Over thirty years ago, we toured together as singers in a college choir. Now reunited, we talked of a new common passion, distance running. Each of us had run a marathon; he's faster than I am. We both have learned that age and injuries may slow us, but we will reach the finish line if we maintain focus on the goal. He's nearly ready for another 26.2 mile adventure; I'm still a few months away. Self-discipline and a clearly defined objective will see us through.
However, we had not come together to discuss recreational running. He and his wife had come to my post to visit a memorial to their son-in-law, who died serving our country. We met his brother at the site. The tree that honors their loved one does not stand alone. Many other such trees line three long sidewalks. Many men and women, most (but not all) quite young, perished while trying to bring hope to another part of the world. They gave up other goals, and ultimately, their lives. I knew several of them personally. You may not approve of the military profession, nor of the wars in which they died, but I ask you to honor their willingness to sacrifice themselves for others. Achieving that mindset required a change of worldview for some of them; others came from a lineage of soldiers or public servants. Societies and nations survive because of people like them who will leave safe homes to protect others. As with running, the military lifestyle requires self-discipline and hard work to "get it right." They did that.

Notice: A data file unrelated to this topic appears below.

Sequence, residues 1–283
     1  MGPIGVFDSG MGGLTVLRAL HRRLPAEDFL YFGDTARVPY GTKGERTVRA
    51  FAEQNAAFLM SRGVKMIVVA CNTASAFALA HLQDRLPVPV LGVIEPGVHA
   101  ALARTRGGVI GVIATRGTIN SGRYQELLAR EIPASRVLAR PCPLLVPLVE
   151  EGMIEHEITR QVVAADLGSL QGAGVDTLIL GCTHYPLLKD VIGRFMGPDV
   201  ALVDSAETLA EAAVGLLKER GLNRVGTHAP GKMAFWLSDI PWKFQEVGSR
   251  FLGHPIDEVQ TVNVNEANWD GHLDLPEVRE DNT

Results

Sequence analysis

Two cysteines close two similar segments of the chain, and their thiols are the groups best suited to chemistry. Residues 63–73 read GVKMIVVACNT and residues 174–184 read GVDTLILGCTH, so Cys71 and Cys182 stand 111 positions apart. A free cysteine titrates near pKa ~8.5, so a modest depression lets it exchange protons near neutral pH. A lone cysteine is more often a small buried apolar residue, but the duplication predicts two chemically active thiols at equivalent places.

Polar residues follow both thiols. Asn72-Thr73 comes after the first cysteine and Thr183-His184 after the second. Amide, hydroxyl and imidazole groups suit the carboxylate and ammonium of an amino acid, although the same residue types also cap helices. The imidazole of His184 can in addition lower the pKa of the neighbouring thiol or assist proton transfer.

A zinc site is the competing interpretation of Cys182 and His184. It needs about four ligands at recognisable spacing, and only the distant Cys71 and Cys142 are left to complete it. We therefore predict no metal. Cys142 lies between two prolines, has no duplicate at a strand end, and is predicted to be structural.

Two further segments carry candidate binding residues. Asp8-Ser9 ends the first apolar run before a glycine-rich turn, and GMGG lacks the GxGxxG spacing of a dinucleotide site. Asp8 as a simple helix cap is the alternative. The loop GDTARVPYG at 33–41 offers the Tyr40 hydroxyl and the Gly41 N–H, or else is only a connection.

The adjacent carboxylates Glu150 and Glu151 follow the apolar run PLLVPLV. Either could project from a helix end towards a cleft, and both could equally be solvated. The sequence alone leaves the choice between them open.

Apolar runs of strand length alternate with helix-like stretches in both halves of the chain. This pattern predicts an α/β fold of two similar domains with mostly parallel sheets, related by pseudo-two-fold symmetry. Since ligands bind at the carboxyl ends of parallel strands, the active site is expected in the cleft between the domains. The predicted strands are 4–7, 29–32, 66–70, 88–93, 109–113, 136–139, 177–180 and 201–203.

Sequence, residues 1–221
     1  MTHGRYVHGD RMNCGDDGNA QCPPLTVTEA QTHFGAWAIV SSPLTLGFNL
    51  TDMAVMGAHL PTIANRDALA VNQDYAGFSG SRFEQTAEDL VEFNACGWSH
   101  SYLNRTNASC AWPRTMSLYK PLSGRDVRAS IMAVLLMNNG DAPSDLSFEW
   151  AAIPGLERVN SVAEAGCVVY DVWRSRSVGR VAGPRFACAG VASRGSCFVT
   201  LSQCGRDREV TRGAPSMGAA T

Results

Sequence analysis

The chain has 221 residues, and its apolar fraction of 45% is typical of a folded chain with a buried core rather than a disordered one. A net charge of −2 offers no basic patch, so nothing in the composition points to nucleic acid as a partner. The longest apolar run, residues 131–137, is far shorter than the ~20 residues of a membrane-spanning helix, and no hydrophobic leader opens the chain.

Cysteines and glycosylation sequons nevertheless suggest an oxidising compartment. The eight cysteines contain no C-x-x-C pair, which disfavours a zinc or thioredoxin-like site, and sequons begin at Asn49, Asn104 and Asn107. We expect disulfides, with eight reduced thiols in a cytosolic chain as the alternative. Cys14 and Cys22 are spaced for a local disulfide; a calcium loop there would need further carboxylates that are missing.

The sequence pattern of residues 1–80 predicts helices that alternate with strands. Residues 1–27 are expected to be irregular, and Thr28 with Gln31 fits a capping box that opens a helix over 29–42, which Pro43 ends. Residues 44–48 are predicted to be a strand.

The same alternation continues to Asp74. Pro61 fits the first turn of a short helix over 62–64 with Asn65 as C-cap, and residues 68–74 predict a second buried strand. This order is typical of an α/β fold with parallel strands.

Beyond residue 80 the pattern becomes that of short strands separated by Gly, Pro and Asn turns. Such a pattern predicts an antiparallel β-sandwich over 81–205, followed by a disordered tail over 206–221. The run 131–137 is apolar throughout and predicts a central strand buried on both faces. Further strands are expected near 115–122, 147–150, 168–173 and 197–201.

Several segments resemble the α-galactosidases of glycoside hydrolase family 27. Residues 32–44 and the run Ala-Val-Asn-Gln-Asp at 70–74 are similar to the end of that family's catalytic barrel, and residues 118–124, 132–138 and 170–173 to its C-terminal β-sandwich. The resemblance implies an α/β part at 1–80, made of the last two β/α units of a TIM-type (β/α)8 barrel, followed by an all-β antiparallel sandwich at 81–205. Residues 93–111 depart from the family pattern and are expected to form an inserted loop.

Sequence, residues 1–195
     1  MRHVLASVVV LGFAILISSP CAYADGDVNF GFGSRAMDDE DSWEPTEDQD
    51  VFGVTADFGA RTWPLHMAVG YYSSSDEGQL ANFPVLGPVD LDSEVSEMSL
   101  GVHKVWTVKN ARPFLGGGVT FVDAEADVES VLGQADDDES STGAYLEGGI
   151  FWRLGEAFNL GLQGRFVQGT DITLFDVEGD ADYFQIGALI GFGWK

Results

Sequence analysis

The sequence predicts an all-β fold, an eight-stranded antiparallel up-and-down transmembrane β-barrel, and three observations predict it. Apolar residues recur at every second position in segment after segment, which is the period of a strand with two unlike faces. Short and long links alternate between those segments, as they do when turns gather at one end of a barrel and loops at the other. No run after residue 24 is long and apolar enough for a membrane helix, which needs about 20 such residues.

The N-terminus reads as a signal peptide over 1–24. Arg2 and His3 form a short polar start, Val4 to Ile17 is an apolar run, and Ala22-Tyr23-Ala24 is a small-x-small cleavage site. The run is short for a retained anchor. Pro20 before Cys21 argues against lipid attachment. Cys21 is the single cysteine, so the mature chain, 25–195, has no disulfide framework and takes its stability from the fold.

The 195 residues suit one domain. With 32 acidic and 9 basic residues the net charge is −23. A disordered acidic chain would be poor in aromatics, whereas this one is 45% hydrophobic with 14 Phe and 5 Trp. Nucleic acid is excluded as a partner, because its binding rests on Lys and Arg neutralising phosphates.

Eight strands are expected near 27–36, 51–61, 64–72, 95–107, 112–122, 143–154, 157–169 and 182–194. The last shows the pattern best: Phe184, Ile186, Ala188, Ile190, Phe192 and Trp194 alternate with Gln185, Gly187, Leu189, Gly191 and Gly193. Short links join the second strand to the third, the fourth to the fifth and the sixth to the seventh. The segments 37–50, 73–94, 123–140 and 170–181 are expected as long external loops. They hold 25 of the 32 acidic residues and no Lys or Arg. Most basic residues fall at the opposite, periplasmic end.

What would (or does) motivate you to sacrifice? If you don't know, ponder why runners run 26.2 miles and then want to do it again, why soldiers with comfortable homes and beloved families will leave them to go to very dangerous places and then do it again, why parents will stay up for a child to come home. If this is not your experience, and if perhaps you do not understand it, pick up a Bible and turn to the New Testament book of Hebrews. Read the twelfth chapter all the way through. Perhaps then you will find your goal.